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Property insurance market is facing multiple challenges ahead of next week's special session

Aerial view of homes damaged by Hurricane Ian
Marta Lavandier
Homes that sustained wind damage caused by Hurricane Ian are seen in this aerial view, Thursday, Sept. 29, 2022, in Fort Myers.

State lawmakers will meet to pass more legislation aimed at fixing the troubled property insurance market, which took another blow after Hurricane Ian destroyed thousands of homes.

A former state senator who started a petition urging lawmakers to meet this spring to work on fixing Florida’s troubled property insurance market is advocating for reforms from the sidelines ahead of another special session on the issue later next week.

“It's the most urgent pocketbook problem facing Florida today,” said former Republican state Sen. Jeff Brandes, who represented part of Pinellas County until he reached his term limit after the November election.

Newly retired from the Legislature, Brandes, who continues to work in real estate, says he plans to start a think tank that focuses on key issues facing the state, including property insurance.

“This is the Achilles’ heel of the Florida real estate market. This is the Achilles’ heel of Florida’s growth,” Brandes said. “If Florida doesn’t get this right, then what you’re going to do is cut the middle class in the state because people will not be able to afford homes.”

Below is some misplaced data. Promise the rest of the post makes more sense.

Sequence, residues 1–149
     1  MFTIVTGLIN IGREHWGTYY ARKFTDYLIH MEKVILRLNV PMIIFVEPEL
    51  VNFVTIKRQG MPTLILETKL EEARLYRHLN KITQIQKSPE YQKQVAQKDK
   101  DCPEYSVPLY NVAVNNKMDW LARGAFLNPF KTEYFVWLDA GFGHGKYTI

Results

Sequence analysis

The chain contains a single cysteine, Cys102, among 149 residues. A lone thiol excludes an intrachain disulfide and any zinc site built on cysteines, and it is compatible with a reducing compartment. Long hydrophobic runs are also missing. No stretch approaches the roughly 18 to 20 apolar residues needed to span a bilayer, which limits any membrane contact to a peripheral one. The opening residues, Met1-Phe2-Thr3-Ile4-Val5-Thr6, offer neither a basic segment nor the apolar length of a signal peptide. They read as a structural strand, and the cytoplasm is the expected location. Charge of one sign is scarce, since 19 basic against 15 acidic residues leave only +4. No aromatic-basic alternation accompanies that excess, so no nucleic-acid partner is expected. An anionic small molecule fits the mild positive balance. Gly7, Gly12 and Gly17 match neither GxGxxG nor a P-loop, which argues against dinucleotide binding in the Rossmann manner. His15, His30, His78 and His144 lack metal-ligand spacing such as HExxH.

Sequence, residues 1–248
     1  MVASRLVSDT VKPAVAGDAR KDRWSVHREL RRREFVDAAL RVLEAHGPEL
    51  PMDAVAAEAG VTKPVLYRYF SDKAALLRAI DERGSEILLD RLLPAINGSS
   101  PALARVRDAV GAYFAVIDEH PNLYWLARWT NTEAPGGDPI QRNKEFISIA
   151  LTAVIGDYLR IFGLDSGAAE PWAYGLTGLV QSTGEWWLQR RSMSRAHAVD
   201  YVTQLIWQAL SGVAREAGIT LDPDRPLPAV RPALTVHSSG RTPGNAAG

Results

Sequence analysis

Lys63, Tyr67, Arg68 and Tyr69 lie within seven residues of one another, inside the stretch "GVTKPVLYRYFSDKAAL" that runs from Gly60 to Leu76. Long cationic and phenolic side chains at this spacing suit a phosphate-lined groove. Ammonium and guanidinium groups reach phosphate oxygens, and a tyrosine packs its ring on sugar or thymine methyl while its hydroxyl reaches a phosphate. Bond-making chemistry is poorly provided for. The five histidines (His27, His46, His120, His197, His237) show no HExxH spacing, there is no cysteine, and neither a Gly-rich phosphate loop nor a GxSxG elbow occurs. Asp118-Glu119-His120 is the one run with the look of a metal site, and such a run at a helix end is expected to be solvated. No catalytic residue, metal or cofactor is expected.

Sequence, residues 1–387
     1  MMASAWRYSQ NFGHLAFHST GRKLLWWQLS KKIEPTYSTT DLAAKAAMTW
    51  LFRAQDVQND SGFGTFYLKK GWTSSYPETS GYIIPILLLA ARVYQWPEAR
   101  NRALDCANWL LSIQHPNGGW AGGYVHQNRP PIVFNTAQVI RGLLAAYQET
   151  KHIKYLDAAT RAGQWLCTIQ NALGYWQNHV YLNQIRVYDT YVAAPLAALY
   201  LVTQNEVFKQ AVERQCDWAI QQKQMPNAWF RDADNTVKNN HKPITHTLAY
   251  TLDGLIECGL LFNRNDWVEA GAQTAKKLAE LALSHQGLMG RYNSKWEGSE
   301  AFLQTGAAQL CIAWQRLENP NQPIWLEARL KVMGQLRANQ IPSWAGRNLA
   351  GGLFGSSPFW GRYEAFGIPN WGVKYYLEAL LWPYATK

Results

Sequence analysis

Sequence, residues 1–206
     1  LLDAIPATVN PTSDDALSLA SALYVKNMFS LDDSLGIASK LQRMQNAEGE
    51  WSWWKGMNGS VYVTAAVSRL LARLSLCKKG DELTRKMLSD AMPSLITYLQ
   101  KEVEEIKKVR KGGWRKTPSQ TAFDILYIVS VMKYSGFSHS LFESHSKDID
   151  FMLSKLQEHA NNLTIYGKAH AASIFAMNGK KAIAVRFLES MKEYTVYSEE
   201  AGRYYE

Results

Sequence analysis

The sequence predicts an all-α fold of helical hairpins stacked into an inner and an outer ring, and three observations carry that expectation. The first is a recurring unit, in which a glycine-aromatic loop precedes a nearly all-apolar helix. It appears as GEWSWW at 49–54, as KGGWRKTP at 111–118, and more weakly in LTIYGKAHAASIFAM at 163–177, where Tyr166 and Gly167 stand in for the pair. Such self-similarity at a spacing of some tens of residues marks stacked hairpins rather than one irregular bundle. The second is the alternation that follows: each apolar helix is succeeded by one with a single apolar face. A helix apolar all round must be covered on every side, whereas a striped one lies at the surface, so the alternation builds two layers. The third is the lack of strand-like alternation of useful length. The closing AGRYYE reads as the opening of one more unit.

Florida homeowners who’ve bought property insurance through the private market have seen annual rate increases of about 33% — with that number expected to rise to 40% next year. More than 1 million policy-holders are insured through the state-backed insurer of last resort, Citizens Property Insurance Corp., which offers rates at least 20% below market value.

Private insurance companies face tough market conditions, including excessive litigation and fraudulent claims. As a result, six insurers left the state this year, with more than a couple of dozen on the brink of insolvency.

“I saw this quickly becoming the No. 1 issue in my community [that] my constituents are facing,” Brandes said.

State lawmakers will meet in Tallahassee Dec. 12 to 16 to consider legislation aimed at fixing the insurance market, which took another blow in September after Hurricane Ian destroyed thousands of homes. In October, Gov. Ron DeSantis called for a special session and signed an executive order providing property tax relief to residents recovering from the Category 4 storm.

Republican House Speaker Paul Renner recently hinted to reporters that lawmakers are open to considering a range of possible solutions aimed at repairing the market: “We're going to look at the kitchen sink, frankly, of options.”